In a stunning snowflake shape, this brooch was a gift from the people of Canada to The Queen in 2017 to mark her Sapphire Jubilee (65 years).
Created from over 400 diamonds of 4.39 carat-weight, the stones are set in 18-carat Canadian white gold. The shape is also studded with 48 sapphires, varying in shade from dark blue in the centre to ice, milky blue at the tips of the arms; the sapphires weigh more than 10 carats together.
Governor General David Johnston presented Her Majesty with the piece during a visit to Canada House, when she and Philip marked Canada 150 celebrations. The Queen had scaled back all long-haul travel a few years ago, meaning her days of visiting the north-American nation are long over.
There is even further symbolism within the brooch. The blue stones were discovered by Seemeega and Nowdluk Aqpik, two brothers, in 2002 on Baffin Island, which is the only known sapphire deposit to be found in Canada.
Of course, the design is inspired by the Canadian Arctic – specifically from the small village of Kimmirut on Baffin Island, and the centre of the brooch ‘is elevated and set with diamonds to represent the rocky hill located across the water from Kimmirut’.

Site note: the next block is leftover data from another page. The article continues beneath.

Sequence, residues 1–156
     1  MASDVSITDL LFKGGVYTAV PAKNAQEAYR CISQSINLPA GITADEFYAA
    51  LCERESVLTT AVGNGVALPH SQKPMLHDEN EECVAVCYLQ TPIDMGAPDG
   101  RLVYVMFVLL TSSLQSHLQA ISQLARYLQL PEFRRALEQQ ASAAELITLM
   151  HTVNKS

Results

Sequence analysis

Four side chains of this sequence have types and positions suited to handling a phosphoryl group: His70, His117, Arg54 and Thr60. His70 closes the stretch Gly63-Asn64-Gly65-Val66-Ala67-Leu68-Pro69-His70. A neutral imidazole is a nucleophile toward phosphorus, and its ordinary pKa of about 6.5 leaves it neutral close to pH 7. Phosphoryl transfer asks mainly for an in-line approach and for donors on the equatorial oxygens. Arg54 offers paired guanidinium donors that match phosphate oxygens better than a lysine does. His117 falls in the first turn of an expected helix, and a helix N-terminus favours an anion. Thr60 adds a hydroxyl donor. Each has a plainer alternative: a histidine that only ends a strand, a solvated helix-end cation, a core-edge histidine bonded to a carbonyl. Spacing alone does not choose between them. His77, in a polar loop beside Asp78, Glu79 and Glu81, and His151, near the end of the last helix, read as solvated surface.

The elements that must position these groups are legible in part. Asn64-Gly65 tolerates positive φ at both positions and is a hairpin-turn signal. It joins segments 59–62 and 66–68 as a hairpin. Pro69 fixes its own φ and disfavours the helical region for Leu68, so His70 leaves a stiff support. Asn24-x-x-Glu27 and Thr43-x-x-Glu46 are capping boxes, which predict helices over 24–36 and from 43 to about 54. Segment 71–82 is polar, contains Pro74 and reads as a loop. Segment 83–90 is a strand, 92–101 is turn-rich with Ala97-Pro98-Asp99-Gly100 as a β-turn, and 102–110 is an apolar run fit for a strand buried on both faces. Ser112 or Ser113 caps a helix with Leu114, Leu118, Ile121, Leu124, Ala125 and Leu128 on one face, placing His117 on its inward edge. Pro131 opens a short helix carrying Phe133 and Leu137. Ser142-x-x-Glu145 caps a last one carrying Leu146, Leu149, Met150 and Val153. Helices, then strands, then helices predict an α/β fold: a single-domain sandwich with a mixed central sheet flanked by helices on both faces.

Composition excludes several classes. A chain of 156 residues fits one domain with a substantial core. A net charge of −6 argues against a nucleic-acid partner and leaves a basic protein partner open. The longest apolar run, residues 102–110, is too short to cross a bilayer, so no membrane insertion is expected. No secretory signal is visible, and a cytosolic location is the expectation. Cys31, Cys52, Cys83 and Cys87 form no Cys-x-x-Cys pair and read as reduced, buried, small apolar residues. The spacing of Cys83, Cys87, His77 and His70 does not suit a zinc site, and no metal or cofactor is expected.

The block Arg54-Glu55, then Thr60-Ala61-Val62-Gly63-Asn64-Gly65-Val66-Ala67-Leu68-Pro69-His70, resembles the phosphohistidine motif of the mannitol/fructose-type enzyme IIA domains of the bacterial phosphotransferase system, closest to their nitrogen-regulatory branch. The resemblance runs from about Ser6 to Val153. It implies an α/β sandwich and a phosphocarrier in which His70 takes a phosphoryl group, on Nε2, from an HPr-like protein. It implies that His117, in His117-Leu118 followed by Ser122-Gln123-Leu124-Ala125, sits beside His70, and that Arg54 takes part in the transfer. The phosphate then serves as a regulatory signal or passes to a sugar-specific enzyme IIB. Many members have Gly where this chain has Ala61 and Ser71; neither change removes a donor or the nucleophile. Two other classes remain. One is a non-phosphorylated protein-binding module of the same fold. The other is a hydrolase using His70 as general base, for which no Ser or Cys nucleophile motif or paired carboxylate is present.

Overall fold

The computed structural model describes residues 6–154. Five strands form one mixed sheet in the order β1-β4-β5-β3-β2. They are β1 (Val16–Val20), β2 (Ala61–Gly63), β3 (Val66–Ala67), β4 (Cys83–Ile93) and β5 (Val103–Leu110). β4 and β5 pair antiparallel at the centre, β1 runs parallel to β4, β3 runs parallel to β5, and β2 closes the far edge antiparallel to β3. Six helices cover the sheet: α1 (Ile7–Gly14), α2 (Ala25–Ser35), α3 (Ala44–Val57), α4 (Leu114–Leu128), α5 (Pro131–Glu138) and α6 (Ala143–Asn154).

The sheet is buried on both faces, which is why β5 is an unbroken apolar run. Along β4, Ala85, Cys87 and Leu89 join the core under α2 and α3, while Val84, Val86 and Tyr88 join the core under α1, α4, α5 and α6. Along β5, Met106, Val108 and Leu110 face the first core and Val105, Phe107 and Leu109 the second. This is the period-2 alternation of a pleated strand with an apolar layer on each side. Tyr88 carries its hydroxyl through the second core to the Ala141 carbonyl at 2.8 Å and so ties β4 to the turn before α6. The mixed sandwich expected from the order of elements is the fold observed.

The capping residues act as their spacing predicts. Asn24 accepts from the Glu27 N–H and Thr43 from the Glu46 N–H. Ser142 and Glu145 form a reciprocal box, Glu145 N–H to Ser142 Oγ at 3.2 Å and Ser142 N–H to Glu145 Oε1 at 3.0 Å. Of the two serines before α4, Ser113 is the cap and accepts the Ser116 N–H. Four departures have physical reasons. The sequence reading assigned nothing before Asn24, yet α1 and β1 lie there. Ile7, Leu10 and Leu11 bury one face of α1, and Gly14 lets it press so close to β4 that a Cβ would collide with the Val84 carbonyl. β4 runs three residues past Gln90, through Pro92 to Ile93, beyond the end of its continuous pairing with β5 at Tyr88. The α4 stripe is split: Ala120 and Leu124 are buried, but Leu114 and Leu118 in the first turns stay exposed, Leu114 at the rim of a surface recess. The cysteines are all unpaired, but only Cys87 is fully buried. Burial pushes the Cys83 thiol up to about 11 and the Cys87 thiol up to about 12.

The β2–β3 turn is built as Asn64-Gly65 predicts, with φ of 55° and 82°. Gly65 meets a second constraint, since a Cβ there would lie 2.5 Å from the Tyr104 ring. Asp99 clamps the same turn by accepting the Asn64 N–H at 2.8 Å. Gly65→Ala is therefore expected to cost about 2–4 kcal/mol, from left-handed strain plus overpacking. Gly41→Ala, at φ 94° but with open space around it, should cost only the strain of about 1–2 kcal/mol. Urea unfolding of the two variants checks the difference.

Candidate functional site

The Governor General’s office said: “Presented in a momentous year that marks both The Queen’s Sapphire Jubilee and Canada’s 150th anniversary of Confederation, this brooch celebrates the historic and profound relationship between Her Majesty and Canada.
“It serves as a companion to the maple leaf brooch given to Queen Elizabeth the Queen Mother by her husband King George VI, to mark their visit to Canada in 1939.”
*The* maple leaf brooch, as seen on other Royals, was a gift to the Queen Consort on a visit there early on in George VI’s reign.
The brooch is just over 6cm tall and wide, and was created by Hillberg & Berk, based in Regina. The company also made The Queen’s Saskatchewan pink tourmaline flower brooch, gifted in 2013 by the province, as seen below.
Rachel Mielke, CEO of the firm explained that it took just two hours to design the piece, even with all the restrictions given to them by the government: it had to be all-Canadian materials, they wanted sapphires to mark the jubilee (incredibly hard to come by in Canada) and that it should reflect the whole of the nation.
We are also told that the government’s budget for the gift didn’t actually cover the brooch… “I wanted to create something phenomenal for The Queen,” Mielke said.
“For 65 years ago, she has been one of the most powerful women in the world. We can all look up to her as someone who has taken on that role with dignity and grace.”
It took a year for the piece to make its debut, being worn when the King and Queen of Belgium visited The Queen privately at Windsor Castle in 2018, and then reappeared in 2019 at Ascot and a garden party.
Hear more about the brooch and its development below.